Re: A spoken-only conlang
- One thing I think that merits mentioning is that although the internet
is a great medium and we could do a lot of this through voice / video
chat - I feel the most natural and productive environment would be a
week long immersion (exmersion?) camp somewhere where conlangers could
> What I'veHmm - I like this point. Lately I've been thinking about how my
> long thought of, if you want to just force people into a place where
> they need to create language, is to give them a medium-- one I've
> thought of is whistling-- where they have few established symbols and
> it's difficult to transfer things.
intuition regarding vocal glossolalia differs from my intuition about
signed glossolalia. I can make up a bunch of words that I think
_sound_ like Anglo Saxon, but I can't make up a bunch of word that
_look_ like ASL. (Even though I've studied ASL.) Similarly, I don't
know what I'd start 'looking for' when coining whistled words.
> On the contrary, I believe it's our mode of conlanging here that'sI don't really know where I stand on this. I think that to describe a
> impractical! Making up languages by becoming amateur linguists,
> speaking in strange jargon and symbols. Hardly anyone is able to make
> it out here to these games.
language accurately you need the kind of technical vocabulary that
linguistics uses. But generally, we don't need to describe languages
accurately, and to use a language we almost never need to describe it.
So - It's unfortunate that two things are as they are: a) more people
aren't using conlangs daily in their everyday lives, as a form of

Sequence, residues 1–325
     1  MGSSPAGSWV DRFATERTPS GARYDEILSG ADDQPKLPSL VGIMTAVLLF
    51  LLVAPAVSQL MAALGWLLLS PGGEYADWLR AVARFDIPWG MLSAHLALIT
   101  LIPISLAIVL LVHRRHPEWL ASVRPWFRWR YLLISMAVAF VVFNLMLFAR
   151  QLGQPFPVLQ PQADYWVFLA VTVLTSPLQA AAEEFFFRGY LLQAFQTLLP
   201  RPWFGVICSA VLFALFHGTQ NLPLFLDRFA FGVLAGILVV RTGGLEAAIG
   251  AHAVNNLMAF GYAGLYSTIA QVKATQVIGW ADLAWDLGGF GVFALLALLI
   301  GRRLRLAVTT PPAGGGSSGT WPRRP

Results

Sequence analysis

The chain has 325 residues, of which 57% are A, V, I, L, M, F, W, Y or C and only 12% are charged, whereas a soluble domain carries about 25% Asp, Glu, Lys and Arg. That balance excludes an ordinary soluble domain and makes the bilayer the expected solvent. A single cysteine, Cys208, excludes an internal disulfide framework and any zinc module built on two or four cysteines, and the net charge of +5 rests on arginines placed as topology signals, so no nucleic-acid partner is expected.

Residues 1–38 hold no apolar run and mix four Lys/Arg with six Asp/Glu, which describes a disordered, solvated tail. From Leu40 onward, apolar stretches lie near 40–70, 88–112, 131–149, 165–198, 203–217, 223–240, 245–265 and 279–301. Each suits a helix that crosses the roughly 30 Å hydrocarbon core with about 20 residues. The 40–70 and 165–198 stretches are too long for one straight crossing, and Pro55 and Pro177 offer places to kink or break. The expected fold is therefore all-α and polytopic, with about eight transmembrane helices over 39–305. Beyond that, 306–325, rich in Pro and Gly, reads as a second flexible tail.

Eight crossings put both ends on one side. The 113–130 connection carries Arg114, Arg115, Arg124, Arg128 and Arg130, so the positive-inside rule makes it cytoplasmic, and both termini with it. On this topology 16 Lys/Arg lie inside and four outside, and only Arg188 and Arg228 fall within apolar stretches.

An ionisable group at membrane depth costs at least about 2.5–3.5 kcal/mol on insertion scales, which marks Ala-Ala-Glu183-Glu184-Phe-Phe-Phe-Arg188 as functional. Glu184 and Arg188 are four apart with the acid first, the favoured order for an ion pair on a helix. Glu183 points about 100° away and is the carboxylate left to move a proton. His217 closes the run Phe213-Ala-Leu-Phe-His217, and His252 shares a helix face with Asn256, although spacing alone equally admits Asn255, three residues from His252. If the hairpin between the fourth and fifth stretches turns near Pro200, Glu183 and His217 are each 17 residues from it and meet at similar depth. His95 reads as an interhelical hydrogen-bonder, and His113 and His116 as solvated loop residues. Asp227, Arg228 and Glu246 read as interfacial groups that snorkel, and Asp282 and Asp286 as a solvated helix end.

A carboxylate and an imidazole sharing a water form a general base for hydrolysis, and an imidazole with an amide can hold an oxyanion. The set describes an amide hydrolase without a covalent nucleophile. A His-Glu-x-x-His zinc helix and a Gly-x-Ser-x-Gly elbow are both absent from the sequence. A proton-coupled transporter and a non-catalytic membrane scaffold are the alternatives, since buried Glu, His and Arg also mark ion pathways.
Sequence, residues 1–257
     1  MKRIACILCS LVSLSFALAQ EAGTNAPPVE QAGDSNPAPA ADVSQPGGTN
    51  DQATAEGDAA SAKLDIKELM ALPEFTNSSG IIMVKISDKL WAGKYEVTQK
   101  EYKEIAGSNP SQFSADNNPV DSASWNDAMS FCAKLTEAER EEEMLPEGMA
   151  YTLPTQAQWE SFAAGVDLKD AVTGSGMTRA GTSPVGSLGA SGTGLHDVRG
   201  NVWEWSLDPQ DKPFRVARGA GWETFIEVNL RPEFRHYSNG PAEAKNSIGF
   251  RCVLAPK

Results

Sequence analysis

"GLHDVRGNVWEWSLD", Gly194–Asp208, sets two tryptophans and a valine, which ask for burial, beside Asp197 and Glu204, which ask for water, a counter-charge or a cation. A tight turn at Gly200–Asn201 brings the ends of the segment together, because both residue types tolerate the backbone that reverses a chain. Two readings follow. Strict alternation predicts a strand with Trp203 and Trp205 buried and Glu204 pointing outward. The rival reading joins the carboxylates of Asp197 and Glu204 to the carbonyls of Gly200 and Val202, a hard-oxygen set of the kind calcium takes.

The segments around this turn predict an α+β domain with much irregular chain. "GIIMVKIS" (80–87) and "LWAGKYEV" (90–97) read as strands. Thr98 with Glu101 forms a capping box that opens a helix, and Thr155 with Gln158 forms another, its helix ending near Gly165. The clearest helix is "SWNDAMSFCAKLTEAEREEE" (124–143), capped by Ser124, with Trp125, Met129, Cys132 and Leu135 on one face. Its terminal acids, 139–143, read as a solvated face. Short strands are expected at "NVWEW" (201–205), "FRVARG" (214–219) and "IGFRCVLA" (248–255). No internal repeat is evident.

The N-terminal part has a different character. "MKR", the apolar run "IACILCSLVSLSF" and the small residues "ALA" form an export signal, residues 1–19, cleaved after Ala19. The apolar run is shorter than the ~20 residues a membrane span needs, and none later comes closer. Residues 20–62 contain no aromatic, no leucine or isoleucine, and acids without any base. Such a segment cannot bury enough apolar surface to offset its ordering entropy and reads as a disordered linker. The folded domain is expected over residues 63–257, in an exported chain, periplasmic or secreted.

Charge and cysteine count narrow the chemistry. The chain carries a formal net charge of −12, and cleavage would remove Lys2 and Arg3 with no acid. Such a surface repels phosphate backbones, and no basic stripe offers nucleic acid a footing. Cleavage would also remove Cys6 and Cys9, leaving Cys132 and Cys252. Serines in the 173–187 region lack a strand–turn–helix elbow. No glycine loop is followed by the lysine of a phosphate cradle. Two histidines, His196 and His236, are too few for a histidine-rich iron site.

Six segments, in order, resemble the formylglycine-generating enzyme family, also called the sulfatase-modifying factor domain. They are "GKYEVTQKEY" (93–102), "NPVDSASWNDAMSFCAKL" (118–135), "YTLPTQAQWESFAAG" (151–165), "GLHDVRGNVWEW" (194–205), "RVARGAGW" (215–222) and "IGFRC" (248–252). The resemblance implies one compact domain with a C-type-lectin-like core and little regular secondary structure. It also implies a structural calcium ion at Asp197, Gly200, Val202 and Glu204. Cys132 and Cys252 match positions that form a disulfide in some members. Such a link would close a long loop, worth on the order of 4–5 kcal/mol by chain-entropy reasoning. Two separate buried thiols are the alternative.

intricate personal art that they talk about like it was natural and b)
that there ain't no better way to write about language.
- --- In firstname.lastname@example.org, "<deinx nxtxr>" <deinx.nxtxr@...> wrote:
>The special codepoint, ZWSP, is for line breaking when the writer doesn't know how wide the lines will be. It's in very few Thai 8-bit codes, and you very rarely encounter it. Some (most?) software ignores ZWSP and WJ (word joiner), which is very annoying when the dictionary-based line-breaker gets it wrong.
> Larry Sulky wrote:
> > But it would be fair game to denote prosody, right? Which would sometimes
> > mean de facto word-boundary marking, etc.
> > And I wonder if doing something like Kalusa without spaces to mark word
> > boundaries would lead to self-segregating morphotactics. Maybe not, if Thai,
> > as pointed out by Dana, is an example.
> Written Thai doesn't show word boundaries. There is a special
> codepoint used between words even though it doesn't display
> anything. It may have something to do with how the script is displayed.
Educated written Thai doesn't show word boundaries, but I've seen a vacillation between marking syllable and marking word boundaries in less educated Thai, which is a hangover from when Thai children start to write. There's also a New Testament translation into Thai that (visibly) marks word boundaries - presumably because it's easier to read that way!